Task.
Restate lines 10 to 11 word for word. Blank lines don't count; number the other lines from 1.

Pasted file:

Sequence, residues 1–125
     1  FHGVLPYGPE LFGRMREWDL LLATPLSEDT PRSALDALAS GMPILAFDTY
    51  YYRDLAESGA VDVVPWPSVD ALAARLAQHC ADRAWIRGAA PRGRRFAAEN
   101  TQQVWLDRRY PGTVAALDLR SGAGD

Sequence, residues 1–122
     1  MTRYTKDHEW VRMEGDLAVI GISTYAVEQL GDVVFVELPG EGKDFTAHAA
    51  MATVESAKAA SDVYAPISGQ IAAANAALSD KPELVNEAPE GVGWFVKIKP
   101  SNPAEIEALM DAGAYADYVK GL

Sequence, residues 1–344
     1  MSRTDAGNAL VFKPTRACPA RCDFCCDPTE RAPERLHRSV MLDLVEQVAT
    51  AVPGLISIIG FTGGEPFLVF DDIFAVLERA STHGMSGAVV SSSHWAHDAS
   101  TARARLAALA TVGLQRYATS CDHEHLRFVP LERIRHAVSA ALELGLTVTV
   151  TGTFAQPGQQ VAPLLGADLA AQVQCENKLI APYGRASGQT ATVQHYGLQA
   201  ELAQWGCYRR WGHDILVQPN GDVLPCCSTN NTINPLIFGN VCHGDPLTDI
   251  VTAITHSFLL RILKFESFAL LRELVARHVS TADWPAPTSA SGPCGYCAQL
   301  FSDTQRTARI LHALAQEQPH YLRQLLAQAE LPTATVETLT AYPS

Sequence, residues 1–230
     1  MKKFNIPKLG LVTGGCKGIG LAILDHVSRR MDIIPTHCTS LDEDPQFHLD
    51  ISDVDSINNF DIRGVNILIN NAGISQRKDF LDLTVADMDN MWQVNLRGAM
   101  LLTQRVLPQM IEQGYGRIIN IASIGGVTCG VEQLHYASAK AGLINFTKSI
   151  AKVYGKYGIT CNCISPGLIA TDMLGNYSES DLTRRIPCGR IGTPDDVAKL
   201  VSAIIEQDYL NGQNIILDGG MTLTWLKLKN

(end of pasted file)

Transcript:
     1  MSRTDAGNAL VFKPTRACPA RCDFCCDPTE RAPERLHRSV MLDLVEQVAT
    51  AVPGLISIIG FTGGEPFLVF DDIFAVLERA STHGMSGAVV SSSHWAHDAS